Science of the Noosphere

 

The term “noosphere” was coined by the French paleontologist and Jesuit priest Pierre Teilhard de Chardin (1881-1955). Here is how he described it in Chapter 10 of his collection of essays, The Future of Man:

“…a particular biological entity such as has never before existed on earth—the growth, outside and above the biosphere, of an added planetary layer, an envelope of thinking substance, to which, for the sake of convenience and symmetry, I have given the name of the Noosphere.”

Human Energy initiated this project, Science of the Noosphere, to conduct research that would place the ideas described in Chapter 10 — titled “The Formation of the Noosphere: A Plausible Biological Interpretation of Human History” — on solid scientific ground. You can find an excellent illustrated explanation of the noosphere’s central ideas on another part of this site.

Teilhard foresaw — even in an age when computers were rare, still filling large rooms, and television was in its infancy — that electronic information and communication technologies would inevitably merge, bringing humanity together in collective consciousness. He envisioned a superorganism, consisting of human culture and technology, that encircled the planet in a sphere of thought, as described here:

“Thus we find ourselves in the presence, in actual possession, of the superorganism we have been seeking, of whose existence we were intuitively aware. The collective mankind which the sociologists needed for the furtherance of their speculations and formulations now appears scientifically defined, manifesting itself in its proper time and place, like an object entirely new and yet awaited in the sky of life. It remains for us to observe the world by the light it sheds, which throws into astonishing relief the great ensemble of everyday phenomena with which we have always lived, without perceiving their reality, their immediacy or their vastness.”

Science of the Noosphere is an effort to “observe the world by the light it sheds” — based on scientific research and real world events that have taken place in the 75 years since Teilhard wrote his essay. The scientists, historians, psychologists, economists, and philosophers who participate in these conversations each bring their own perspectives to bear on “the great ensemble of everyday phenomena with which we’ve always lived.”

Teilhard regarded his purely scientific worldview as a metamorphosis of the Christian religion, capable of evolving a harmonious society at the global scale. This gave his writing an uplifting quality that causes him to be widely read and beloved to this day. He has largely been forgotten by scientists, however, even though he was highly respected as a scientist during his day.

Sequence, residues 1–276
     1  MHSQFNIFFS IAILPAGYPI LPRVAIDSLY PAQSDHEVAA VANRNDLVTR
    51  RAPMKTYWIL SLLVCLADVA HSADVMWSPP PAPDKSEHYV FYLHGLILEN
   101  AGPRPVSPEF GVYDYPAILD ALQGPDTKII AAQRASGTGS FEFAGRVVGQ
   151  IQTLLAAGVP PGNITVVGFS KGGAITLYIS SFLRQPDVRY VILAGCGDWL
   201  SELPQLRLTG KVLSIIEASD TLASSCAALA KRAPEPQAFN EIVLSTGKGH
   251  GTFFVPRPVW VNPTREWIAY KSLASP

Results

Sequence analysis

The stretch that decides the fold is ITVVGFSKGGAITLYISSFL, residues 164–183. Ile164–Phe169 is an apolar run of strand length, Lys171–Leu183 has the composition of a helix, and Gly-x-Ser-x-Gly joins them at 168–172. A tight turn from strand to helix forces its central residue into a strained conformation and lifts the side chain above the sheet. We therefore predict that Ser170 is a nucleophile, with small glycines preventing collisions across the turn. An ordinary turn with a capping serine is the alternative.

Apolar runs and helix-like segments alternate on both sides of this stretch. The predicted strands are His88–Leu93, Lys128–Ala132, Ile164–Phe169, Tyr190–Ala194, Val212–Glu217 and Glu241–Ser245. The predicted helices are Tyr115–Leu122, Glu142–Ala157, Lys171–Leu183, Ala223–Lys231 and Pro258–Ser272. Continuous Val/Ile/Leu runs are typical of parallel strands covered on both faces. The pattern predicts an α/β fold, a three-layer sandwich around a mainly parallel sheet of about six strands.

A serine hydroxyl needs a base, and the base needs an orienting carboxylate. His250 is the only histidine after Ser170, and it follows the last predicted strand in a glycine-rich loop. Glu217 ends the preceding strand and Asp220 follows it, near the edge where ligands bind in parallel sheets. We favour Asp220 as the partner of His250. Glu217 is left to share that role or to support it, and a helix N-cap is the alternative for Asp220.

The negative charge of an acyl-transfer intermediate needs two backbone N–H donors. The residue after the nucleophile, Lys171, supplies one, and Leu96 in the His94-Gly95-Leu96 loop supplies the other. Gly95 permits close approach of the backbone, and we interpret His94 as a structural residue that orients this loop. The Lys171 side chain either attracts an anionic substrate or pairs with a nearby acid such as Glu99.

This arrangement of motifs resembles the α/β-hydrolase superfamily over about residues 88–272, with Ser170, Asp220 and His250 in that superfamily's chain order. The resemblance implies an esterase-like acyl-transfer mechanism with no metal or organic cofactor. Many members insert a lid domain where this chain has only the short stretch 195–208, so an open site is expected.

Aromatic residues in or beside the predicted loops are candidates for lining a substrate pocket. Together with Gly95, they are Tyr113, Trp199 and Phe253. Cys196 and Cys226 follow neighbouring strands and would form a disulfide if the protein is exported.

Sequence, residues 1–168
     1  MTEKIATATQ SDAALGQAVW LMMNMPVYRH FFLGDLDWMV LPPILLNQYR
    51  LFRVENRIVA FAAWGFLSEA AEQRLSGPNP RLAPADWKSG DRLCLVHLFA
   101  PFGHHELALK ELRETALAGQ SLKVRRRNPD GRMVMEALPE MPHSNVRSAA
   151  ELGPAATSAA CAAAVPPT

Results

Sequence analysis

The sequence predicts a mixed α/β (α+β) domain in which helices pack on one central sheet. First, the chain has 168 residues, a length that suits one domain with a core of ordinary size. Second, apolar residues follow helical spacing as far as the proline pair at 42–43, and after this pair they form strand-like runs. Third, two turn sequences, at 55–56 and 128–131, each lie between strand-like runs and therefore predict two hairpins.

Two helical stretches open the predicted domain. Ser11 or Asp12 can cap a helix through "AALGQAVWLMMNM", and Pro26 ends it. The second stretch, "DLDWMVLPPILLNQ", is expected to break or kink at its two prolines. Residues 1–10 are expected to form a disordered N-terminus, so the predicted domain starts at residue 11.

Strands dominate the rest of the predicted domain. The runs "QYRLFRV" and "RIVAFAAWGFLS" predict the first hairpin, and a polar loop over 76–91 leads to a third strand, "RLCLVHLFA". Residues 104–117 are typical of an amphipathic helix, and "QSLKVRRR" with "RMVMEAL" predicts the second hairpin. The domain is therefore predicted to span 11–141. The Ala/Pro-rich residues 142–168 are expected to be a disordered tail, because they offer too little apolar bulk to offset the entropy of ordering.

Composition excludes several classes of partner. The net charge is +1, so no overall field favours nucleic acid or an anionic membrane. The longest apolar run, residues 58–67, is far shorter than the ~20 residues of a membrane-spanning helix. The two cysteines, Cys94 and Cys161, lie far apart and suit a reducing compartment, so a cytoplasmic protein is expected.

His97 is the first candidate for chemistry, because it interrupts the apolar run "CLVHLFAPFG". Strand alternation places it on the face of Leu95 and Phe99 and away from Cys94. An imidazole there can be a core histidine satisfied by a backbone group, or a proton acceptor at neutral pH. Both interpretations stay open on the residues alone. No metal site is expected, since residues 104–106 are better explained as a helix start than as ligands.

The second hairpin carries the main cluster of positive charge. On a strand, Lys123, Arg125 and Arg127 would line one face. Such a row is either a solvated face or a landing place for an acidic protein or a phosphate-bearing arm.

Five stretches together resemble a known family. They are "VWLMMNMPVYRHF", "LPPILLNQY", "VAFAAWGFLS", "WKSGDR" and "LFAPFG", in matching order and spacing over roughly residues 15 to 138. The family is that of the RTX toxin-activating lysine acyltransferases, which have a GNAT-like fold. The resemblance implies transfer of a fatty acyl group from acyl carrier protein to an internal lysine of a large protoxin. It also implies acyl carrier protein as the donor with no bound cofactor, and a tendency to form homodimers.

That’s a shame, because many of Teilhard’s predictions about the future of humanity are coming to pass. The time has come to place his concept of the Noosphere on a modern scientific foundation.

The project is directed by David Sloan Wilson, one of the foremost living evolutionary scientists who, like Teilhard, includes all aspects of humanity in addition to the biological world as within his scientific purview. He is collaborating on the project with filmmaker Alan Honick. The research being conducting under Science of the Noosphere will serve as the basis for a documentary film, currently in development.

In this series of video conversations, Wilson interviews some of the world’s greatest scientists and intellectuals on the full arc of Teilhard’s vision, including:

  • The formation of the universe.
  • The origin of life.
  • Major transitions in the scale of biological organisms.
  • The origin of humans.
  • Increase in the scale of societies in human history, leading up to the present.
  • The future of humanity in the Internet Age.

All of this can be understood from an evolutionary perspective, as Teilhard was among the first to appreciate. Each conversation is available as a video recording and print transcript.

In addition to the series of conversations, Wilson has written a review article titled “Reintroducing Teilhard de Chardin to Modern Evolutionary Science”, which will be published with commentaries in the academic journal Religion, Brain, and Behavior.  A preprint of the article is available here. Thanks to the Science of the Noosphere project, the concept of the Noosphere can be placed firmly on a modern scientific foundation.

We have also created a report on our project’s findings. It features selected segments of the conversations as they relate to sections of Chapter 10 — the birth, anatomy, physiology, stages, and future of the noosphere. Just click the button below to access that report.

There are 24 conversations in the Science of the Noosphere series, on separate pages that can be viewed by clicking the buttons below. Each page has an introduction that explains the context of the conversation and its relationship to the Science of the Noosphere. Beneath that introductory text is the video of the conversation, and beneath the video is a link to a PDF file of the full transcript.